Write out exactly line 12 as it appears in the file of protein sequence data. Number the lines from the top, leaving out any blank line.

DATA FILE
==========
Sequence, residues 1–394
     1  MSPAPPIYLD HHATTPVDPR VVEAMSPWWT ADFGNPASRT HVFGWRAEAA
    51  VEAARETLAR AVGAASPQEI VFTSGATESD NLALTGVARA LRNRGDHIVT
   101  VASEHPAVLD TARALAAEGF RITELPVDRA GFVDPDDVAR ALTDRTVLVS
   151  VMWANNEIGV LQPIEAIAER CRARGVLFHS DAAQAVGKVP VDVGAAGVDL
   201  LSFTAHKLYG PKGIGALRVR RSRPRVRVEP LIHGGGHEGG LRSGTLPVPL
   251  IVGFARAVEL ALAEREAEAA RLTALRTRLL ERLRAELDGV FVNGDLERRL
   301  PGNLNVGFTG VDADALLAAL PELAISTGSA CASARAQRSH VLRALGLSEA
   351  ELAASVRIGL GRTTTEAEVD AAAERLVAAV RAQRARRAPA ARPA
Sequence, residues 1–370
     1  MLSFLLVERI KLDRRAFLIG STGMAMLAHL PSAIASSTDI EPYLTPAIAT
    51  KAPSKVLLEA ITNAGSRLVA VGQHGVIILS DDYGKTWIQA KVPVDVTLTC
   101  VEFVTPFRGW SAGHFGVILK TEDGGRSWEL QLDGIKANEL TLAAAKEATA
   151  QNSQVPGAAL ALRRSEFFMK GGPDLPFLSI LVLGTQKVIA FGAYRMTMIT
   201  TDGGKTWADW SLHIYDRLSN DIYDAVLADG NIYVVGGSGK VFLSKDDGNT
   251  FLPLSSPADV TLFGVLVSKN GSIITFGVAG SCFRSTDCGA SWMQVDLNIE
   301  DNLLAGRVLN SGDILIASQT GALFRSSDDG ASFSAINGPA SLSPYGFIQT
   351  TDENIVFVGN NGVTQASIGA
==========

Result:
    51  KAPSKVLLEA ITNAGSRLVA VGQHGVIILS DDYGKTWIQA KVPVDVTLTC